One by one at this Australian Open, the big three in men’s tennis brushed aside their ‘Next Gen’ challengers – until Roger Federer met Stefanos Tsitsipas.
The 20-year-old Greek ended Federer’s reign in Melbourne when he defeated the twice defending champion 6-7 (11-13) 7-6 (7-3) 7-5 7-6 (7-5) at Rod Laver Arena to achieve a maiden grand slam quarterfinal.
Much of the crowd in Sunday’s night session were sure to be stunned given the result but, unusually for a Federer match, Tsitsipas also received a healthy dose of support against his idol.
Indeed a chunk of Melbourne’s large Greek community have roared on both world No. 15 Tsitsipas and Maria Sakkari – ousted in the third round – at Melbourne Park.
“This match point is going to stay (with me), I’m pretty much sure, forever, for the rest of my life,” Tsitsipas told reporters. “I just managed to close that match and stay strong, beat my idol. My idol today became pretty much my rival,” he added later.
Federer wasn’t the only big name to tumble, with Maria Sharapova falling to home hope Ashleigh Barty earlier on center court.
Tsitsipas, Barty, Roberto Bautista Agut, Frances Tiafoe and Danielle Collins all reached the last eight at a major for the first time, an unusually high number.
Federer has been in the latter stages of majors so many times in his record-breaking career, but the 37-year-old now finds himself in a grand slam slump.
The Swiss, who went an unbelievable 0-for-12 on break points to Tsitsipas, lost in the fourth round of a grand slam for the second straight time having exited at the hands of Australia’s John Millman at the US Open.
The ‘r’ question – retirement – though wasn’t thrown to Federer in his post-match press conference.
“I lost to a better player who was playing very well tonight,” said Federer. “Hung in there, gave himself chances at some point, stayed calm. It’s not always easy, especially for younger guys. Credit to him for taking care of that.”
He hit back at John McEnroe after the outspoken seven-time grand slam winner claimed the contest was a changing of the guard moment.
“He’s in front of the mic a lot,” said Federer. “He’s always going to say stuff. I love John. I’ve heard that story the last 10 years. From that standpoint, nothing new there.”
Defeats after winning the first set in Melbourne are rare for the Swiss – he had been 87-2, having only fallen to Marat Safin in 2005 and Rafael Nadal in 2012.
Safin and Nadal are grand slam winners and former No. 1s and based on Sunday’s performance one wouldn’t discount Tsitsipas from matching those achievements.
For a start Tsitsipas wants to keep going in Melbourne.
“I feel good,” he said. “I really want it badly. I really want to proceed further in the tournament to make myself happy and the people that are cheering for me happy.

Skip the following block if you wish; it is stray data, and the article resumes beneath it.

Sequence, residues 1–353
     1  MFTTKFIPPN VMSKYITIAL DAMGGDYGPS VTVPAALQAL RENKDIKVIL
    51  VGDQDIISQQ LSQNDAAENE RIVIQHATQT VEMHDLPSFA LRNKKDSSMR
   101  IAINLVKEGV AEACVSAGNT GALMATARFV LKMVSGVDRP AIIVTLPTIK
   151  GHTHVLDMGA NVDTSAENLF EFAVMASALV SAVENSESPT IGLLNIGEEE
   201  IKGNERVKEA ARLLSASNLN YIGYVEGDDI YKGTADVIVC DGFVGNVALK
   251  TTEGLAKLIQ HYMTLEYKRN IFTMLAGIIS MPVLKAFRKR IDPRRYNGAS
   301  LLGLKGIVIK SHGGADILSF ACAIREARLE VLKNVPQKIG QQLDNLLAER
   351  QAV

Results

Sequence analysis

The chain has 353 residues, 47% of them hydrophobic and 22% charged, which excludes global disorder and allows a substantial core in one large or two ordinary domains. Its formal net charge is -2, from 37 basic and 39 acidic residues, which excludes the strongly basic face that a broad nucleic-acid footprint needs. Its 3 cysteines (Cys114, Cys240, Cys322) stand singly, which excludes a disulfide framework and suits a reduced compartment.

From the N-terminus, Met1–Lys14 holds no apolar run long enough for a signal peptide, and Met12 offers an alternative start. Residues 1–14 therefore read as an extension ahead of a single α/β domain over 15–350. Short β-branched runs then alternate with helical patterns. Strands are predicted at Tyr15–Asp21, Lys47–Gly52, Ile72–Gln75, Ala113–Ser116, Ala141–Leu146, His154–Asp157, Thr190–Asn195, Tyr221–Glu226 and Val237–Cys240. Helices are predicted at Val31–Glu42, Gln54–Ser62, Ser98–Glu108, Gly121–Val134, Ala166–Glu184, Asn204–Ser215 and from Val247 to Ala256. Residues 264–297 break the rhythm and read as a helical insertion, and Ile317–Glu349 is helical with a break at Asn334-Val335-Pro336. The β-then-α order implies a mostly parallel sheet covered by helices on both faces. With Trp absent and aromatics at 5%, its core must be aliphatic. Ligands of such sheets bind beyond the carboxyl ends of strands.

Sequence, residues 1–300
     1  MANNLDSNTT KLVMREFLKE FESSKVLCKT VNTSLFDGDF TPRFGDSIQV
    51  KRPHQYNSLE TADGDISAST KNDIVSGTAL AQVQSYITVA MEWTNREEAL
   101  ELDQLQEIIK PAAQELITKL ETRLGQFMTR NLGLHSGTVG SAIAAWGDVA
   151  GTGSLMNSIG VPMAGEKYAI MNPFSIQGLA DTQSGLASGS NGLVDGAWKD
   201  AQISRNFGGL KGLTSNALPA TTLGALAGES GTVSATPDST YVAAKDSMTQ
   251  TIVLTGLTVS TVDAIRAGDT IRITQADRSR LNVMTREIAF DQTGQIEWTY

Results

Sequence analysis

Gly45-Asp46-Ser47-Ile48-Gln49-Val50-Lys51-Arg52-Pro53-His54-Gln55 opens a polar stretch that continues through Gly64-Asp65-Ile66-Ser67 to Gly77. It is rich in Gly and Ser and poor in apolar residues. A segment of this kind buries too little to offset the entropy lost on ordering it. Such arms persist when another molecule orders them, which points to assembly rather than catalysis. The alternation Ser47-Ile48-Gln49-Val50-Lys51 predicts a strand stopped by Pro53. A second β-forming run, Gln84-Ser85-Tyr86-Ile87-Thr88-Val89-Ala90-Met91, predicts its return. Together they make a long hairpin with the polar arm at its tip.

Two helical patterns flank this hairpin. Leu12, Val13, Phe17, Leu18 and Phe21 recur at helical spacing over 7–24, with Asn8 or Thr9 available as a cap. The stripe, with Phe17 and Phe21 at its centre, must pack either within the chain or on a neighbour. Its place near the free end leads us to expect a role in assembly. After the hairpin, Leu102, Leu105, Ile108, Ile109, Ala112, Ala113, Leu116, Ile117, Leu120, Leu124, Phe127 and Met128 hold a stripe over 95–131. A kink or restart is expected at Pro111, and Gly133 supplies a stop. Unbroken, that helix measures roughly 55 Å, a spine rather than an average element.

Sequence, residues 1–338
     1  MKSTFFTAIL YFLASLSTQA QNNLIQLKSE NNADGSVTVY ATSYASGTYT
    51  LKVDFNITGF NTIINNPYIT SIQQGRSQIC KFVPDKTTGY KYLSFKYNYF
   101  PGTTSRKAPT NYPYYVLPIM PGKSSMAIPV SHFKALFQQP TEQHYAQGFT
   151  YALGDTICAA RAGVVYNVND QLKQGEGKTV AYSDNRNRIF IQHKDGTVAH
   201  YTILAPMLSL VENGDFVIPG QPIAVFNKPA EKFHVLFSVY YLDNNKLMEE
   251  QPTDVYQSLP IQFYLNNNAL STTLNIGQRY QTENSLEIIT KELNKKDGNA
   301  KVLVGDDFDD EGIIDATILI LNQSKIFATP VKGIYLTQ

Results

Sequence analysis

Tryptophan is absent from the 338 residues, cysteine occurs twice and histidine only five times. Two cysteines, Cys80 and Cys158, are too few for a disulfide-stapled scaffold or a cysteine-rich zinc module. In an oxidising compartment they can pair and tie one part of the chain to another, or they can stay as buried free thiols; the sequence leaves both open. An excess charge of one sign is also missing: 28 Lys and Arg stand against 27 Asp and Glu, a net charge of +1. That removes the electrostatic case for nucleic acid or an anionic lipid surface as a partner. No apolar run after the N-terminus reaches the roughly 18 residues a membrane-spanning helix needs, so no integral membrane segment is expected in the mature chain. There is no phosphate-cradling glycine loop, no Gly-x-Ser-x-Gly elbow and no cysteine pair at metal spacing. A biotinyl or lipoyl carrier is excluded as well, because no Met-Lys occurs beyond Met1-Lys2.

“I really like this atmosphere that’s on the court, the whole dynamic of it, I would say. It just feels so nice to be playing on these courts. It’s spectacular. I really want to stay here as long as possible. That’s my goal.”
Lucky to be alive
He almost didn’t reach this stage, however. According to the ATP he nearly drowned as a teenager and had to be saved by his father, who is also his main coach. Tsitsipas’ mum was a former pro.
It was a family affair for Tsitsipas in his player box, which also included the famous coach with Greek heritage, Patrick Mouratoglou. Tsitsipas trains at Mouratoglou’s academy near Nice. The coach will be hoping the upset bug doesn’t hit his main pupil, Serena Williams, in Monday’s blockbuster against world No. 1 Simona Halep.
It was Federer and Tsitsipas’ first official meeting, though going head-to-head at the Hopman Cup in Perth earlier in January no doubt helped the underdog. Stage fright against men’s tennis’ most successful grand slam performer had to have lessened Sunday.
Federer recalled that he didn’t break Tsitsipas in Perth, either.
Tsitsipas showed tremendous composure to bounce back from a marathon first-set tiebreak in which he held three set points.
Federer usually steps on the accelerator, quickly pouncing in ensuing sets, yet let Tsitsipas off the hook in the second. And he knew it.
“I have massive regrets tonight,” said Federer. “I might not look the part, but I am. I felt like I have to win the second set. I don’t care how I do it, but I have to do it. Cost me the game tonight.”
He failed to take any of his eight break chances in three different games, including four set points at 5-4. Even the great Federer was bound to suffer a dip after Tsitsipas leveled at one set apiece.
Tsitsipas duly grew in confidence and flashed his pleasing all-around game, hitting powerful shots, striking aces – hitting 20 in total – going to the net and playing excellent defense.
Finding it more and more difficult to blast past his 6-foot-4 rival, Federer began to use more drop shots, with mixed success.
“Conditions changed throughout the match like every year when you start at 7 (p.m.), go into the night,” he said. “It gets harder to go through the opponent. Yeah I thought conditions were definitely a bit slower this year than last year. Didn’t allow for as much variation, to be quite honest.”
Tsitsipas pounced in the final game of the third and – after getting his right leg rubbed by the trainer – closed out proceedings in another tiebreak.
At 5-5 in the tiebreak, Federer struck a forehand long. A late call from the linesperson led many in the stadium to believe the ball was good. Federer challenged and was proved incorrect.
And on his first match point, Tsitsipas powered a forehand to force a backhand error.
Joy for Tsitsipas but a Greek tragedy for Federer.